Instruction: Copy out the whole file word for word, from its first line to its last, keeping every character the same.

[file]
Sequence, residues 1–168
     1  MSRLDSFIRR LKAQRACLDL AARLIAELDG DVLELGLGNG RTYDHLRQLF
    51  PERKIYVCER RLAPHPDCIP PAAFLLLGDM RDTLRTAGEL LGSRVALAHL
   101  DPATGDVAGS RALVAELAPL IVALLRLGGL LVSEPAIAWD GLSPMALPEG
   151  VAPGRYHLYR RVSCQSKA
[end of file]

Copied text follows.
Sequence, residues 1–168
     1  MSRLDSFIRR LKAQRACLDL AARLIAELDG DVLELGLGNG RTYDHLRQLF
    51  PERKIYVCER RLAPHPDCIP PAAFLLLGDM RDTLRTAGEL LGSRVALAHL
   101  DPATGDVAGS RALVAELAPL IVALLRLGGL LVSEPAIAWD GLSPMALPEG
   151  VAPGRYHLYR RVSCQSKA